R2 Technology and Chroma Medical Systems develop Computer Aided Detection for virtual colonoscopy

Chicago 04 December 2002R2 Technology Inc., specialised in computer-aided detection (CAD), has signed a product development and license agreement with Chroma Medical Systems Inc. for the development of CAD for computed tomography (CT) based virtual colonoscopy, sometimes known as CT colonography. The companies have already showed prototypes at the 87th Scientific Assembly and Annual Meeting of the Radiological Society of North America (RSNA).

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"Pursuing a CAD solution for colon cancer is a natural extension of R2's OmniCAD technology vision, that of offering universal, interoperable and clinically relevant solutions for improving the detection of cancer and other diseases", stated Michael Klein, president and CEO of R2 Technology. "Volumetric visualisation tools provide the ability to efficiently display the high volume of images acquired for a virtual colonoscopy examination, but computer-aided detection is needed to identify regions of interest in the colon and display them in such a way to help the radiologist to make an assessment."

Under the multi-year agreement, Chroma Medical Systems will develop CAD software for the detection of colon cancer. R2 Technology will license Chroma's colon CAD software for integration into R2's investigational ImageChecker CT CAD system. R2 is currently developing CAD and other analytical tools for CT. Initially, the ImageChecker CT system will provide CAD for CT images of the lung, helping clinicians not only with detection of lung nodules, but with tools to enhance their work flow as well. Other CT applications, such as colon, and other modalities, like projection chest, are planned to follow in subsequent releases.

"We are excited to work with R2 Technology in this initiative", explained Lou Rivelli, CEO of Chroma Medical Systems. "We believe this will be a showcase application for our technology. R2 is a world leader in the commercialisation of CAD, and adding Chroma's 3D CAD system will further extend their ability to help radiologists provide comprehensive cancer detection for their patients."

The ImageChecker CT display workstation, which recently received 510(k) clearance from the Food and Drug Administration, is a combination of dedicated computer software and hardware, providing tools for radiologists to aid in the review of CT exams. The workstation receives CT exams and DICOM structured reports of CAD-identified areas using DICOM protocols. After review of each exam, radiologists can view screens that summarise their findings, and save to a local database in the workstation for later review.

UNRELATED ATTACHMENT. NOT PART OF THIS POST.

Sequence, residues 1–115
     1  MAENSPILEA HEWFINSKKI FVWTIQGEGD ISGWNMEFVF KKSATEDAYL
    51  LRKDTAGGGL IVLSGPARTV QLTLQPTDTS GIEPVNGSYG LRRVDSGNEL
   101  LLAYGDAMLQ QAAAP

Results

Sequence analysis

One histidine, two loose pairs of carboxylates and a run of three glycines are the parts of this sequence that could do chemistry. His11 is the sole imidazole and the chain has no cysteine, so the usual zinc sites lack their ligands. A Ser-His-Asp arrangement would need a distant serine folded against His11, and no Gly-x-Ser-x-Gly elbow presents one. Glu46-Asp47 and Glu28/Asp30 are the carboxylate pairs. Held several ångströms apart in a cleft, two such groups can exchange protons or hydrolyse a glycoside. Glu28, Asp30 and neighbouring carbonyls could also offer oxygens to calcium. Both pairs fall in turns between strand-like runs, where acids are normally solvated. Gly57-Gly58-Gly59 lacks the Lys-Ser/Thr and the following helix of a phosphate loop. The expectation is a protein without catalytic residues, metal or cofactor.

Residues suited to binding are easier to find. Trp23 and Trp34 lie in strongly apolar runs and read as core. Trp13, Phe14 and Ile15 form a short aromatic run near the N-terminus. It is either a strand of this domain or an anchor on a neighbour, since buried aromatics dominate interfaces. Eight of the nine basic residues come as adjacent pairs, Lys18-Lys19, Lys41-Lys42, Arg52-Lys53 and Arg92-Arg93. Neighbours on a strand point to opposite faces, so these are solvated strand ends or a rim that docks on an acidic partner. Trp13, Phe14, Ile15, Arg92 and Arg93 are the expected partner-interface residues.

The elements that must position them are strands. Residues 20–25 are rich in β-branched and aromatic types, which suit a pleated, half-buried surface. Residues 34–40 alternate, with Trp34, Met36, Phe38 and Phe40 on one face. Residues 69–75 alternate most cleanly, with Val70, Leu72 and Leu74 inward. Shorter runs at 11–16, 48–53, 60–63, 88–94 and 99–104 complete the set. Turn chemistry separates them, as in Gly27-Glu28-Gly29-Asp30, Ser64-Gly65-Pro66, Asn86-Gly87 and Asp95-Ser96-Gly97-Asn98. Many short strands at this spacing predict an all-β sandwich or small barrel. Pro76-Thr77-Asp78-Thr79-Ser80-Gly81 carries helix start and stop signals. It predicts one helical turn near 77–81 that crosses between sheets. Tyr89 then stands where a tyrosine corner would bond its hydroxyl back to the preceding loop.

Excluding skin cancers, colorectal cancer is the third most common cancer diagnosed in men and women in the United States. The American Cancer Society (ACS) estimates that about 107.300 new cases of colon cancer and 41.000 new cases of rectal cancer will be diagnosed in 2002. Colon cancer is expected to cause about 48.100 deaths during 2002 and an estimated 8500 men and women will die from rectal cancer during 2002.

The ACS indicates that the five-year relative survival rate is 90 percent for people whose colorectal cancer is treated in an early stage, before it has spread. But only 37 percent of colorectal cancers are found at that early stage. Once the cancer has spread to nearby organs or lymph nodes, the five-year relative survival rate drops to 65 percent. For people whose colorectal cancer has spread to distant parts of the body, such as the liver or lungs, the five-year relative survival rate is eight percent.

As a pioneer in CAD, R2's ImageChecker CAD system for mammography has shown the potential to detect findings that might otherwise be overlooked during the review process, and at an earlier stage. In fact, clinical trials demonstrated that use of the ImageChecker system for mammography could result in earlier detection of up to 23,4 percent of the cancers currently detected with screening mammography in those women who had a prior screening mammogram 9-24 months earlier. CAD is analogous to a spellchecker system on a personal computer and is used by increasing numbers of radiologists as "a second pair of eyes" when reading a mammogram.

Chroma Medical Systems Inc. (CMS), a privately held corporation located in Boulder, Colorado, is a provider of proprietary software to screen for cancer by analysing medical images, with an initial focus on screening CT images for colorectal cancer and pre-cancerous polyps. At the core of the software is a patented and proven pattern recognition and visualisation technology called ImageGenetics, which has already been applied successfully in enabling rapid and accurate interpretation of multi-dimensional seismic data for oil and gas exploration.

R2 Technology Inc., headquartered in Sunnyvale, California, is a recognised leader in the development and commercialisation of computer-aided detection (CAD), an innovative technology that assists radiologists in the early detection of breast cancer and other cancer-related lesions. R2's CAD software has been integrated with the ImageChecker processing and visual display system, and is being successfully used by hospitals and imaging centres as an aid to radiologists for increased detection of breast cancer.

To date, more than 700 ImageChecker systems for use with film and digital-based mammography have been shipped worldwide. As a medical software company, R2 is developing CAD systems for a variety of imaging modalities and disease states, including lung cancer.


Leslie Versweyveld

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